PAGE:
There's a running joke at any apple event, where breathless product announcements are met with unadulterated adulation. "Apple invents [insert product that's long since been a thing here]." It's not a particularly good joke. It's tired. And I'm tired of making it. But neither is it untrue. Apple (and any tech company, really) has a habit of rolling out something you've already used somewhere else as if it's brand new, never having been seen before.

Nothing wrong with that, of course. It's good marketing. And if there's anything Apple's brilliant at, it's marketing.

Somewhere, Aaron Sorkin is thinking he's seen this somewhere before.

But here we go again. With its first teaser for the Apple TV+ original The Morning Show, we get the sense of the drama that takes place at a national morning show. The constant tug of war between news and newsiness, and the sugary nonsense that is what's "trending" on any given day. The push to present what's important versus the pull of what people actually want to see.

It's not exactly a new problem. And in those 68 seconds in Apple's trailer — "An Apple Original" is the first thing you see on screen — you get pretty much every newsroom cliche there is. One can only hope the series is more substantial (and certainly better written) than what we get in a little more than a minute of clips of Carell, Jennifer Aniston and Reese Witherspoon talking over each other.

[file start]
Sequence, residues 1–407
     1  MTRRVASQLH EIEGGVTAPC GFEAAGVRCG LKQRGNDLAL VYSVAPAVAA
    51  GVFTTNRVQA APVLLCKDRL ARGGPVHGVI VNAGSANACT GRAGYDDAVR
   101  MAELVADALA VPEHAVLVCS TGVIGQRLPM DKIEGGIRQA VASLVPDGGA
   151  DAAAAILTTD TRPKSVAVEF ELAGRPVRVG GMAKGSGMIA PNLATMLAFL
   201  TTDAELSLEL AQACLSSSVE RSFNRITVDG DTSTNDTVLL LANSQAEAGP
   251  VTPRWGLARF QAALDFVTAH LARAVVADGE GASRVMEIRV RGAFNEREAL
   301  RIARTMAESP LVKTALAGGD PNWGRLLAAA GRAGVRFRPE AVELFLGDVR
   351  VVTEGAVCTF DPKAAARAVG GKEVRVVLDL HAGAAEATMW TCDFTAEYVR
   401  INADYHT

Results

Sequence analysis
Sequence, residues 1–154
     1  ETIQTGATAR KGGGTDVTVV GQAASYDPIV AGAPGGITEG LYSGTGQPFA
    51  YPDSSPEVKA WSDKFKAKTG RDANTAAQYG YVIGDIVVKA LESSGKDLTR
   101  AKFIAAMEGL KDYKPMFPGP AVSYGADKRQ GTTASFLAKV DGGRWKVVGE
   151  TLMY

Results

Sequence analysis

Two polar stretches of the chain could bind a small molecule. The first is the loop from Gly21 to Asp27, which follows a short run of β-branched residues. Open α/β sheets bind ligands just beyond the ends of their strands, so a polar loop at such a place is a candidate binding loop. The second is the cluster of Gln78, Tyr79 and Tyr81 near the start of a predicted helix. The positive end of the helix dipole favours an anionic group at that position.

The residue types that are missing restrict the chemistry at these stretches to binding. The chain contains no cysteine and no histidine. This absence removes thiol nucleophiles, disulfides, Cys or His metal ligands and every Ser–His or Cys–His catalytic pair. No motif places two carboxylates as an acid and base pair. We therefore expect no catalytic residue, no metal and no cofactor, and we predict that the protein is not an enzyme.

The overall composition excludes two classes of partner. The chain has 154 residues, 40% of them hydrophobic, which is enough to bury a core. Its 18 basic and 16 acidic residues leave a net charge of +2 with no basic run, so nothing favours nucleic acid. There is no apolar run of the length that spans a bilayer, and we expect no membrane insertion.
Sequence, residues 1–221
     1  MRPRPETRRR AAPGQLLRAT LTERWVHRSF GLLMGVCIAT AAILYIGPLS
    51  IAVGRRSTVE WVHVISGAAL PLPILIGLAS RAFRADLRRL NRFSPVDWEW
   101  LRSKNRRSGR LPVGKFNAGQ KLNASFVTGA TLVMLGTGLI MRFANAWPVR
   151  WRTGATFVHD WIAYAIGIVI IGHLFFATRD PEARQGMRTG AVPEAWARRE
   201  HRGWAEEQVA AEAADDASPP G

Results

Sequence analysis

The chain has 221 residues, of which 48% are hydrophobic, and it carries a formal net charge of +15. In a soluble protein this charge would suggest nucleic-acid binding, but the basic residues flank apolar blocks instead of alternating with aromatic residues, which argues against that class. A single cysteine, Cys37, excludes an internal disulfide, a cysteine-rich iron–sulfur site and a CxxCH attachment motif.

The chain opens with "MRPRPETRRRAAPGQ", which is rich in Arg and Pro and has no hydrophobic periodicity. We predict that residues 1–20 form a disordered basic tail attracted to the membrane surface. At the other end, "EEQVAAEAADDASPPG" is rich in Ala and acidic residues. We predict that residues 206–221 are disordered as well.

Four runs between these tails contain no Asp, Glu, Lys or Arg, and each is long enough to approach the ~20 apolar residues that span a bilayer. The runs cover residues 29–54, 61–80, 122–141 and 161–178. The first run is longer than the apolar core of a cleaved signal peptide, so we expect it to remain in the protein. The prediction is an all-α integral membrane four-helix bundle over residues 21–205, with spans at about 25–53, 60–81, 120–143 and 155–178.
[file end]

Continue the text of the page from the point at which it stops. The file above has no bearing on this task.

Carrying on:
"I'm a journalist. I can feel what the world needs." That's an early line from Steve Carell's Mitch Kessler. Speaking as a card-carrying journalist (we don't actually have cards) whose job was once to help decide "what the news is" for a town on a nightly basis — plus this new thing on the interwebs — that line is bullshit. It's cliche at best. If your job is to pick out the news, or to read the news, or to report the news, then it's your job. Sure, you might have been drawn to it. You might well have an innate talent. But what you don't have is some higher calling to bestow your priceless prose on anyone. None of us does.

The trailer is painful enough if only for that line. But you also can't help but be taken back a half-dozen years or so to The Newsroom. It was Aaron Sorkin's second go at a series after The West Wing And while it certainly was flawed in its own ways, The Newsroom opened with that spectacular Q&A (or meltdown, I suppose) of Jeff Daniels' Will McAvoy. (I still say it's some of the best 5 minutes of scripted TV I've seen in a long, long time.

Maybe The Morning Show will be great. It's certainly got enough star power behind it. It might even have the writing chops to stand up against a very similar show that was helmed by one of the best in the business.

But a true "Apple Original"? We'll just have to see, I suppose. But so far in that single trailer, I have but one thing running through my head:

What's next?